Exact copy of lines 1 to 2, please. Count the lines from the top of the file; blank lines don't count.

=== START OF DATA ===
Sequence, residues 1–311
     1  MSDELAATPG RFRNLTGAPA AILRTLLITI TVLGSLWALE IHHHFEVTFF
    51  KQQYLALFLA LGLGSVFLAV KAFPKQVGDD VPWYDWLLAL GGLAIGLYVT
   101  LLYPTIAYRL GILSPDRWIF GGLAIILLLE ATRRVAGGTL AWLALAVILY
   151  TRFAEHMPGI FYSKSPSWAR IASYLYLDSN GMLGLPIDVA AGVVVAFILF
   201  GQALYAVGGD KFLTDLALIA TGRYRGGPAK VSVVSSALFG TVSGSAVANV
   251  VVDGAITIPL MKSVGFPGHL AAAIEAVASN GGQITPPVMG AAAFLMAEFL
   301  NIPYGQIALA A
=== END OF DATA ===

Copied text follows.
Sequence, residues 1–311
     1  MSDELAATPG RFRNLTGAPA AILRTLLITI TVLGSLWALE IHHHFEVTFF